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With a Whimper

Longtime White House correspondent Helen Thomas retires after anti-Semitic outburst

Allison Hoffman
June 07, 2010
Helen Thomas.(Paul J. Richards/AFP/Getty Images)
Helen Thomas.(Paul J. Richards/AFP/Getty Images)

Helen Thomas, the 89-year-old doyenne of the White House press corps, has announced her retirement, effective immediately, after sparking a furor with a YouTube rant about how Israeli Jews should “get the hell out of Palestine” and “go home” to “Poland, Germany” and other countries.

Thomas’s rant was occasioned by an encounter with Rabbi David Nesenoff, who waved down Thomas outside the White House briefing room before last month’s Jewish Heritage reception for what he expected to be a polite, smiling quip about Israel for his camera. “Tell them to get the hell out of Palestine,” Thomas told Nesenoff, with a flippant laugh. “Any better comments?” Nesenoff replied, still jovial. “Remember these people are occupied, and it’s their land. It’s not Germany, it’s not Poland,” Thomas continued. “So what should they do?” Nesenoff asked. “They can go home!” Where, exactly, was that? “Poland. Germany,” Thomas explained. “And America, and everywhere else.”

Footage of the rant was posted late last Thursday on YouTube, where it attracted more than a million views, and unleashed a tempest in Washington, with former Clinton counsel Lanny Davis and former George W. Bush press secretary Ari Fleischer publicly criticizing her remarks as hateful and anti-Semitic. Thomas posted a brief apology on her Web site Friday, conveying regrets and expressing her “heartfelt belief that peace will come to the Middle East only when all parties recognize the need for mutual respect and tolerance.” This morning, Washington Post columnist Howard Kurtz reported that she had told him she was “very sorry” for her remarks. “I think I crossed the line,” Kurtz quoted Thomas as telling him. “I made a mistake.” In a public statement today, the White House Correspondents association called Thomas’s comments “indefensible.”

It remains unclear whether Thomas thinks that her mistake was in suggesting that Jews should vacate Israel, or in saying so to a videographer. Her views on the Middle East conflict, indeed, are no secret: just last week, she tore into White House spokesman Robert Gibbs after Israeli commandos killed nine people in the raid on Turkish ships bound for Gaza, calling the episode “a deliberate massacre, an international crime.” Last year, after Obama stopped by the press room with cupcakes to celebrate Thomas’s 89th birthday—the same day as his 48th—she told a reporter for Haaretz that she thought “the average Israeli is very fine, very fair, and straightforward, but I think their treatment of Palestinians in Jerusalem, where they continue to take their land, is wrong.” And, she added, “American Zionists certainly expect us to back up anything Israel does.”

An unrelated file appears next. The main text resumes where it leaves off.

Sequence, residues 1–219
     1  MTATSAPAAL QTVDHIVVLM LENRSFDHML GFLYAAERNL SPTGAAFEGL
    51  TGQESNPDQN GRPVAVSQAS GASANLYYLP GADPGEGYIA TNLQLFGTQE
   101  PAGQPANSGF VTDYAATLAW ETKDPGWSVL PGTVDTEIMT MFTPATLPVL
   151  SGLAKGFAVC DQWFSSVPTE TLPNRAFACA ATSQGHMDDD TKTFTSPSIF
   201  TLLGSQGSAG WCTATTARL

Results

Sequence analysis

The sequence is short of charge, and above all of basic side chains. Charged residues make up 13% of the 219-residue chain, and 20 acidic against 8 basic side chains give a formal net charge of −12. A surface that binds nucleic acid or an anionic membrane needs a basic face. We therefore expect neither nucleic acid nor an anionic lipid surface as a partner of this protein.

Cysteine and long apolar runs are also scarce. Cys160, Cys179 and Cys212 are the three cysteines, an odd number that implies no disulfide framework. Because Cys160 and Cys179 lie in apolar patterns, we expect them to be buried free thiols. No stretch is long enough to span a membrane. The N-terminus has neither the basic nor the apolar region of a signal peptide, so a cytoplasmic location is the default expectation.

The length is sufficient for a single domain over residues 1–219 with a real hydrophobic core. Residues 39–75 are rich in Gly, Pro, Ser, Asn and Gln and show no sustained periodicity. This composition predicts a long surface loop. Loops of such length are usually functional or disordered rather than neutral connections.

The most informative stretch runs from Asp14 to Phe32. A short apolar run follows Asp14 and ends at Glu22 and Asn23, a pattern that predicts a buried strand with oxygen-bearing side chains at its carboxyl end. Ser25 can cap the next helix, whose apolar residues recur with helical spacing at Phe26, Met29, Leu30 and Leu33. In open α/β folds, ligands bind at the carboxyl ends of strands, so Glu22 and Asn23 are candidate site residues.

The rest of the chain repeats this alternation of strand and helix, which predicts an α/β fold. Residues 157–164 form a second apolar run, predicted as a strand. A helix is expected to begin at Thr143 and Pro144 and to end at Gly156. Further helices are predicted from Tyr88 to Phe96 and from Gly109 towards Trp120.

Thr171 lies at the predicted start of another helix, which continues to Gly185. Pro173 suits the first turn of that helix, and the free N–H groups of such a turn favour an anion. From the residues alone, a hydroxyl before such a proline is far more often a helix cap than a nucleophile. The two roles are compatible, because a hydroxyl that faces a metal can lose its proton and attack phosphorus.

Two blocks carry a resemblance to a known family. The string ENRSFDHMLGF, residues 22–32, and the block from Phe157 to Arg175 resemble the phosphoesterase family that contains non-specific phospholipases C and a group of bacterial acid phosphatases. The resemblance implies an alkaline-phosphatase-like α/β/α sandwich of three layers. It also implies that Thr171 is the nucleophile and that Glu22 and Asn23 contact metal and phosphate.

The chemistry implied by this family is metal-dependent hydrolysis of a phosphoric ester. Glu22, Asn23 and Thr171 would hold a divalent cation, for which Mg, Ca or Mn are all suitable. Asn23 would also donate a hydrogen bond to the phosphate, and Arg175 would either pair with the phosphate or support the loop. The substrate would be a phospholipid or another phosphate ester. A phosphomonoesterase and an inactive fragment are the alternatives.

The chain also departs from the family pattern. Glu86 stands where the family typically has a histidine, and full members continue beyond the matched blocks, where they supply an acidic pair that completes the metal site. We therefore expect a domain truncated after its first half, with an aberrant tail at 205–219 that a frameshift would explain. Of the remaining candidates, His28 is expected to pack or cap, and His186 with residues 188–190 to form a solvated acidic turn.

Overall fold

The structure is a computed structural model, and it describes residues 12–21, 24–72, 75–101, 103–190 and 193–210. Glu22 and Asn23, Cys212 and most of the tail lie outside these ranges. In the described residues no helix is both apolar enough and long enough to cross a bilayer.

Thomas’s tough questioning of the Bush administration over the Iraq war won her a new generation of fans, including many American Jews, and her legendary bluntness was recently captured in a 2008 HBO documentary, Thank You, Mr. President, that celebrated her journalistic credo, “If we don’t ask the tough questions, then they won’t get asked.” But Rabbi Nesenoff is hardly an important American public official, and her uninflected rant against Israel’s Jewish inhabitants seemed not a question, but rather a statement of deeply held beliefs that puts her in the company of racists like former Virginia Governor George Allen, of the infamous macaca joke, or radio shock jock Don Imus, who referred to the Rutgers University women’s basketball team as “nappy-headed ho’s.” After MSNBC suspended Imus, then-Presidential candidate Barack Obama said he’d have gone further: “I would also say there’s nobody on my staff who would still be working for me if they made a comment like that about anybody of any ethnic group.”

Lanny Davis, the former White House counsel during the Clinton years who now blogs for the Huffington Post, turned the lens on Thomas’s colleagues, some of whom initially shrugged off Thomas’s comments. “Helen Thomas, who I used to consider a close friend and who I used to respect, has showed herself to be an anti-Semitic bigot,” Davis wrote in a widely disseminated statement. While he insisted that Thomas “has a right to criticize Israel and that is not the same as being an anti-Semite,” Davis pointed out that Thomas’s comments went beyond criticism to statements that echoed old anti-Semitic tropes about Jews being aliens in the land of Israel and which would clearly be unacceptable if uttered about any other ethnic group. “If she had asked all Blacks to go back to Africa, what would White House Correspondents Association position be as to whether she deserved White House press room credentials,” Davis wondered, “much less a privileged honorary seat?”